An election campaign poster next to destroyed buildings in Mosul, Iraq, on April 24. (Ammar Salih/EPA-EFE/Shutterstock)

In advance of national elections next weekend, Prime Minister Haider al-Abadi is the front-runner here, and if he ultimately prevails, he will make political history as a Shiite politician in this overwhelmingly ­Sunni city.

The electoral strength of Abadi and his ticket in Mosul, the country’s second-largest city, underscores his nationwide popularity and bodes well for his reelection, which U.S. officials have repeatedly indicated they would like to see.

But beyond that, Abadi’s success in a place that had been the jewel of the Islamic State — an extremist Sunni group — would represent an opening for cooperation between Sunni and Shiite Muslims in a country long bedeviled by sectarian grievance and violence.

When campaigning officially kicked off last month for the May 12 elections, the boulevards of this city were instantly lined with candidate posters. But it was Abadi’s face, smiling softly and ubiquitous on the vehicle-jammed streets, that stood out as both familiar and entirely unexpected.

For the first time since Iraq began electing a legislature in 2006, a Shiite politician is headlining an electoral ticket in Mosul. Abadi’s list is named “Nasr,” or “Victory,” a reference in part to his role in ending the city’s Islamic State trauma by orchestrating the military campaign that liberated the city last year.

Mosul may now be the ultimate proving ground for Abadi’s message of nationalism over sect.

“Abadi is a symbol of shedding sectarianism,” said Rana al-Naemi, 44, an English teacher from Mosul running on the prime minister’s list. “The people of Iraq are ready for this.” Alluding to the traditional colors worn by Sunni and Shiite clerics, she added, “Sectarianism is what destroyed us — whether it was a white turban or a black turban.”

Once considered a weak and unremarkable leader who stumbled into power in the midst of the Islamic State blitz that conquered about one-third of Iraq, Abadi has been campaigning on a message of national unity in hopes of breaking the cycle of sectarian fighting that has marked Iraq’s politics since the U.S. ouster of Saddam Hussein in 2003.

Abadi’s popularity has soared since he managed the successful military campaign to claw back Iraqi cities from the Islamic State while artfully juggling the interests of the United States and Iran. He also won plaudits from many Iraqis when he dispatched troops to block an attempted secession by Kurds in the north late last year. 

“One thing that we see consistently is that Prime Minister Abadi has a more balanced degree of support across all regions and across all ethnic and sectarian religious groups,” said a senior U.S. official, who spoke on the condition of anonymity to discuss Iraq’s internal politics.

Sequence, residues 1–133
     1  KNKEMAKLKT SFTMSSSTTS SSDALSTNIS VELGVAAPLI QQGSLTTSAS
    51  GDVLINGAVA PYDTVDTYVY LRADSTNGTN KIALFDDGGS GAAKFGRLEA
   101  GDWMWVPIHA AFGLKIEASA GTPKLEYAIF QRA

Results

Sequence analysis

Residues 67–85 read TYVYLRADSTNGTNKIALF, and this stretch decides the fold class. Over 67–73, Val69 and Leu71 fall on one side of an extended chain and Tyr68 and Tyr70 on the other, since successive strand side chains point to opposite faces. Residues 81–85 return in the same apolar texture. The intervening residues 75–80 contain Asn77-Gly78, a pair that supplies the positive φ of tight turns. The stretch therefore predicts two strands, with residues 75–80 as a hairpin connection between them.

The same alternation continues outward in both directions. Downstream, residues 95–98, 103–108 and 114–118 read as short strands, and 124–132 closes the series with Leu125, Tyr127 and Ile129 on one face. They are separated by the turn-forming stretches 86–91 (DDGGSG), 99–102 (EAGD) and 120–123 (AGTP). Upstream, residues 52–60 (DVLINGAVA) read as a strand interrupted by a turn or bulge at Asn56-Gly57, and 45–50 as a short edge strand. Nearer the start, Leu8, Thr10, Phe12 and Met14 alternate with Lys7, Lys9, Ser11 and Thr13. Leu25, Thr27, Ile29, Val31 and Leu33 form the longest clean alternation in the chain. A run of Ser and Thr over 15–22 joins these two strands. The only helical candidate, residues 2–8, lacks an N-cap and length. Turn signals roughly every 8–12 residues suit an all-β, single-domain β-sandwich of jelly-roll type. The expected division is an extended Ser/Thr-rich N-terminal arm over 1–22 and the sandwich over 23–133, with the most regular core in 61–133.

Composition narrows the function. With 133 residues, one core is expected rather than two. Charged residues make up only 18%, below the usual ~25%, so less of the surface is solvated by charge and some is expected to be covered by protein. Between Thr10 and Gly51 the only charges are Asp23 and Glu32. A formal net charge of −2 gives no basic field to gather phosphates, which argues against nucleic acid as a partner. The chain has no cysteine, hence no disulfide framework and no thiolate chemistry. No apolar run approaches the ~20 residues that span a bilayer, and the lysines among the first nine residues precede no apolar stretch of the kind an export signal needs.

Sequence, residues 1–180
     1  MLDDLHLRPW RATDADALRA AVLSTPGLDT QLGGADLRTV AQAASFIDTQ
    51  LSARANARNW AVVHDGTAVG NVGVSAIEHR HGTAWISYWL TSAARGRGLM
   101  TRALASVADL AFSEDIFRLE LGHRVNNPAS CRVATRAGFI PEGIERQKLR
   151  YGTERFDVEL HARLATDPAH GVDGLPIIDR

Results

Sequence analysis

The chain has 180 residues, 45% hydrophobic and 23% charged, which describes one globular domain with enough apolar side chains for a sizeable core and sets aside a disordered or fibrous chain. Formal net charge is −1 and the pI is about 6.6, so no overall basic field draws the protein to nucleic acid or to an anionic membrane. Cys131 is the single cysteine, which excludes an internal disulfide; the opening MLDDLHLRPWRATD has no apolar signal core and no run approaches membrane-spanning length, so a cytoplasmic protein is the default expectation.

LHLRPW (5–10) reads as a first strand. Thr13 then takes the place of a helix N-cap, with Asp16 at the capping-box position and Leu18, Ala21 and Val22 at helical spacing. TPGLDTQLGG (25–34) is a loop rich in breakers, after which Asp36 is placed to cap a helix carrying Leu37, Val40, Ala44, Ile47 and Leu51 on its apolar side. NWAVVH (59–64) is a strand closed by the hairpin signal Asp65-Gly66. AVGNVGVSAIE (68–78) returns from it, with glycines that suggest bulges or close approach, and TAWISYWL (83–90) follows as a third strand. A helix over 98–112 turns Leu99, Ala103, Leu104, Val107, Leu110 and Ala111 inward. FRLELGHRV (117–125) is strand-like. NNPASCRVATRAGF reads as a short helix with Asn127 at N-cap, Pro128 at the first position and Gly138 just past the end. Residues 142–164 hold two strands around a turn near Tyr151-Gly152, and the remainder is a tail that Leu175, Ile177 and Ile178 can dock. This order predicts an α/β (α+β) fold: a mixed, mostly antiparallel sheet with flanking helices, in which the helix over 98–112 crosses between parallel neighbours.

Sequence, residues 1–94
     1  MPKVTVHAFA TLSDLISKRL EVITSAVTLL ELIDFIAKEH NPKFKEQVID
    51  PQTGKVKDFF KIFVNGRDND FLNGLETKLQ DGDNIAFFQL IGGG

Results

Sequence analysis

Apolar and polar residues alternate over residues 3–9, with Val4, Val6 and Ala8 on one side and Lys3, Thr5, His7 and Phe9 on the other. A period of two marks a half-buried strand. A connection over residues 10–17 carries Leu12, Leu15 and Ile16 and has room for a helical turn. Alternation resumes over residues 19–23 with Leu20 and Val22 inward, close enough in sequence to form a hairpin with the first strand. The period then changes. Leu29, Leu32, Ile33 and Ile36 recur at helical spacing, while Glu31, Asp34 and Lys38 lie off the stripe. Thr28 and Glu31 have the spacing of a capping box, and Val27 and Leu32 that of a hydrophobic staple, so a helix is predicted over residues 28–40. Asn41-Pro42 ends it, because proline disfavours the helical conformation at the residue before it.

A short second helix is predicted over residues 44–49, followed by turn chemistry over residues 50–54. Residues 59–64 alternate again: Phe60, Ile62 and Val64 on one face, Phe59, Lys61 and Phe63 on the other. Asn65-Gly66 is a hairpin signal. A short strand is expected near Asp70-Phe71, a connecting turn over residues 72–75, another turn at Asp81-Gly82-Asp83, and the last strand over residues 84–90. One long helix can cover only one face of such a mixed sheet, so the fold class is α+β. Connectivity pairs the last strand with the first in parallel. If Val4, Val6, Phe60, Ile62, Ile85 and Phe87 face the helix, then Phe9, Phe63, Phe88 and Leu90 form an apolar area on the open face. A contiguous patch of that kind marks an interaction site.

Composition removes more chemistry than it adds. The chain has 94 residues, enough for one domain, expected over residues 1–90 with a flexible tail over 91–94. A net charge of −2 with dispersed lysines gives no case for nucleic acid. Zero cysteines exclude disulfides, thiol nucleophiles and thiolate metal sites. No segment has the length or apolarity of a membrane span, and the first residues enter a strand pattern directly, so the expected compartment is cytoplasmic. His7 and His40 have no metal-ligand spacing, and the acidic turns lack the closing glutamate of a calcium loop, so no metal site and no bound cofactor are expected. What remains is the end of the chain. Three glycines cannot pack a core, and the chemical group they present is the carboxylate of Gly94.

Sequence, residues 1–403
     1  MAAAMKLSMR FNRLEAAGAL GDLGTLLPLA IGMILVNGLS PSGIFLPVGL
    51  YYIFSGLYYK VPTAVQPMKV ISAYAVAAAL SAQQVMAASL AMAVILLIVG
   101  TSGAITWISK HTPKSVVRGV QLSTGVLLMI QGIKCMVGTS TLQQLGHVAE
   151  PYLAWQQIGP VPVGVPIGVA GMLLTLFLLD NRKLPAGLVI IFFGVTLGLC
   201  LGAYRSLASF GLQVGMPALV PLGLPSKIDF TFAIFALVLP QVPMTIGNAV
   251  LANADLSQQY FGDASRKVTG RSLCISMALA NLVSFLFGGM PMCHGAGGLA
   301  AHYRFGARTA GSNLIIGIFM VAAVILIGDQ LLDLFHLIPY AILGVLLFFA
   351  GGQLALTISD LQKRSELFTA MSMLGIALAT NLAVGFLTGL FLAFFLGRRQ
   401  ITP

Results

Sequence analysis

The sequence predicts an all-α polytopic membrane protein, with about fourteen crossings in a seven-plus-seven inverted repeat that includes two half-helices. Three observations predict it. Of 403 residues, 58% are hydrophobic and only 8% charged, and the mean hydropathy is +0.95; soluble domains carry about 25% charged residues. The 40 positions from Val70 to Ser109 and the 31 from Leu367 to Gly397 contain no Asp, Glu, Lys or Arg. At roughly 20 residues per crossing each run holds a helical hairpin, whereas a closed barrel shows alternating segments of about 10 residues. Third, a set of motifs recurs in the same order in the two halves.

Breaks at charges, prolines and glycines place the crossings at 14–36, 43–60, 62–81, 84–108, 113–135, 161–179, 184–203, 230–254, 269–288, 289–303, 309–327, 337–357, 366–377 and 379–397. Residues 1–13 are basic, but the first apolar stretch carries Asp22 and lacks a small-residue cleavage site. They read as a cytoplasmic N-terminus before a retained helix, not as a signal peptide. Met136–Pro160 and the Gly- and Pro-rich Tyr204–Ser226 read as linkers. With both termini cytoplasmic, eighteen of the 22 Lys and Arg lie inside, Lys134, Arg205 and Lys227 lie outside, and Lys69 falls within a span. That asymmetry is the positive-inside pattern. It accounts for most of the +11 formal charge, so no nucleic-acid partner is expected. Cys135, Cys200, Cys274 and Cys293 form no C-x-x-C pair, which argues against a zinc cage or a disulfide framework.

For the United States, Abadi’s presence in Mosul and other Sunni areas, such as Fallujah, is reassuring. He has worked closely with Washington in the fight against the Islamic State while maintaining cordial ties with Iran and reestablishing relations with regional powers such as Saudi Arabia.

The war against the Islamic State has significantly altered the political map in Iraq, where Shiites are the majority.

In previous elections, one or two major Shiite coalitions dominated the vote and subsequently the formation of the government.

This year, the support of the Shiite political establishment is fragmented among Abadi and challengers old and new. His predecessor, Nouri al-Maliki, though severely diminished because of losses to the Islamic State, is headlining a ticket that is running on a traditional platform of Shiite supremacy. 

Hadi al-Amiri, the head of the powerful Badr Organization, is the face of a new coalition called “Fatah,” or “Conquest,” which represents Shiite militias that helped defeat the Islamic State, earning much public support. Many of those militias, including Badr, are backed by Iran, and a key element of their campaign has been urging the expulsion of U.S. forces from Iraq. In a sign of confidence, a number of the militias are running candidates in Mosul even though Abadi kept many of them out of the city during the battle because of their ultra-sectarian leanings.

With those major blocs essentially splitting the vote in Iraq’s Shiite heartland, any candidate hoping to become prime minister must run well in Mosul and other Sunni areas.

The province of Nineveh, of which Mosul is the capital, is quickly emerging as one of the hottest contests in the election. This year, 940 candidates have been registered, compared with just 455 in 2014.